Data Acquisition (DAQ) and Control from Microstar Laboratories

Intelligent Stimulus/Response Measurements

Data Acquisition Processor boards can intelligently control digital or analog output signals as well capture measurements, and do so on a consistent time base.

This example measures neuron response. There are four conditions to meet.

  1. a natural waveform shape for stimulation pulses
  2. a reset time between stimuli for the neuron to recover
  3. excite often enough to avoid under-stimulation
  4. don't allow the neuron to adapt to a regular pattern in the experiment sequence

To produce a pulse stimulus that is never too early, never too often, never too predictable, you can randomize the sequencing using software triggering features. Unlike controls based on unreliable real-time behaviors of a PC host, you can get precise time control from your Data Acquisition Processor. Triggered data capture collects both statistical control data prior to each stimulus event and response data subsequent to each event.

Typical Equipment


DAP 4000a or DAP 5000a resident with the host processor.


MSTB 009 termination board in a Single-Board Enclosure


Cable MSCBL 040.


You can use DAPstudio to help you set up this special processing configuration. The method depends on slow sampling so that data backlogs in data pipes do not interfere with process timing. For Data Acquisition Processors, slow means roughly 4000 samples per second or less. For this application, the sampling rate is 500 samples per second, well below the limit.

Events should be separated by at least 2 seconds, which is 1000 sample intervals. Declare a trigger with this holdoff. Reserve an additional trigger for stimulus bursts.

trigger  tevent    mode=normal holdoff=1000
triggers tstimulus

Also reserve some intermediate data streams.

pipes    prand, pstimform, ppulse, psync, pcapture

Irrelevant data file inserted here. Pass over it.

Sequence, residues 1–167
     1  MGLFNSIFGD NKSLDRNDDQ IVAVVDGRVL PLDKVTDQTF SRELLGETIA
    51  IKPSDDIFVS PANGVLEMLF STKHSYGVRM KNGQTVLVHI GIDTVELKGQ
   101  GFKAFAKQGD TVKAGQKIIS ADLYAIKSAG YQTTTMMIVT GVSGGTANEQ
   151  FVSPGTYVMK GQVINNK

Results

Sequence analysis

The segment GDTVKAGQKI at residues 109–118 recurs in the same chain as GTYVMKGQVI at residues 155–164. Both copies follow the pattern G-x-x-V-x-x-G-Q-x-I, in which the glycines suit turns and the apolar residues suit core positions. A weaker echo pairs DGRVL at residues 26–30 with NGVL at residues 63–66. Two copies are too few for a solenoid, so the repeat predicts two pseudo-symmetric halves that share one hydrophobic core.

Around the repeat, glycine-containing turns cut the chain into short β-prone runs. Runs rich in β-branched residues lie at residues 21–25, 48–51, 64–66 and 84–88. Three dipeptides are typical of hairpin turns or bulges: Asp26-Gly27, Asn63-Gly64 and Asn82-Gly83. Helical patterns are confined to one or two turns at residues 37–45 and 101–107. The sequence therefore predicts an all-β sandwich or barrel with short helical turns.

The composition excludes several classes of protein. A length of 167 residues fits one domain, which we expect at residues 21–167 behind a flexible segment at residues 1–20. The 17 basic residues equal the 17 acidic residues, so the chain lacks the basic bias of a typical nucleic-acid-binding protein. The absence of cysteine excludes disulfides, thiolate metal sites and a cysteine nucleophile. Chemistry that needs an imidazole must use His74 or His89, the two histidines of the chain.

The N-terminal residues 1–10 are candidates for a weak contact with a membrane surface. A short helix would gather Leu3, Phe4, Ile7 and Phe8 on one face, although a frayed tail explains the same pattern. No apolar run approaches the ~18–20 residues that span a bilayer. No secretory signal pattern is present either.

Define the stimulus wave shape. Each output pulse lasts for 5/100 of a second, or 25 samples at full output. After each burst, the output level must be restored to zero, for a total of 26 updates. So make the burst length 26. Full output range is 0 to 32767.

vector  vecBurst  word =  (
   4000, 16000, 26000, 29000, 32000, 32000, 28000, 25000,
   22000, 18000, 14000, 9000, 4000, 3000, 2000, 1500,
   1200, 1000, 850, 600, 450, 350, 200, 125, 80,
   40, 0 )

Configure clocked output updating to present this data sequence in bursts. The short outputwait interval allows the block to pass through without waiting for additional buffering.

odefine  outbursts
  set op0  a0
  time     2000
  update   burst
  outputwait  26

To initialize the output level, set up a block of 26 zero samples in the pulse stream. This data will flush through to the output immediately when the application is started.

fill   ppulse  0,0,0,0,0,0,0,0,0,0,0,0,0   // 13 values
fill   ppulse  0,0,0,0,0,0,0,0,0,0,0,0,0   // total 26 values

In the processing section, the measurements will be captured continuously and discarded automatically when nothing occurs. Release one random number value for each input sample received.

pdefine  processing   // begin processing procedure
  psync = IP0*0 + prand

500 values appear in pipe psync every second. To trigger a stimulus at an average rate of about once per second (following the the holdoff delay), trigger in about 1/500 of the random number range.

  limit(psync, INSIDE,0,65, tevent)

When an event occurs, it initiates a stimulus sequence and also a data capture sequence. We need to have a plentiful supply of stimulus signal data ready to send.

  copyvec(vecBurst, pstimform)

Stimulus sequences must start at the exact beginning of a 26-sample waveform, regardless of when an event from the tevent trigger occurs. We can force this using the Trigscale command. The stimulus data blocks, properly aligned, are delivered as bursts of output data.

  trigscale(tevent, 0,26,26, tstimulus)
  wait(pstimform, tstimulus,0,26, ppulse)
  copy(ppulse, OPIPE0)

For the data capture, retain the 1/2 second before the stimulus event as a statistical control, and then retain 1/2 second of response data after the event.

  wait(IP0, tevent,  250,250,  pcapture)

Deliver the selected data to the host processor. If you are using DAPstudio, it will build this transfer for you.

end   // end of the processing procedure

Observe that there are only 9 processing commands. You can reduce this number further, improve timing, and process more channels using a custom that you develop yourself – or that you have us develop for you. When you need it, there is a lot of embedded processing power in the DAPL system, and it is easy to apply.

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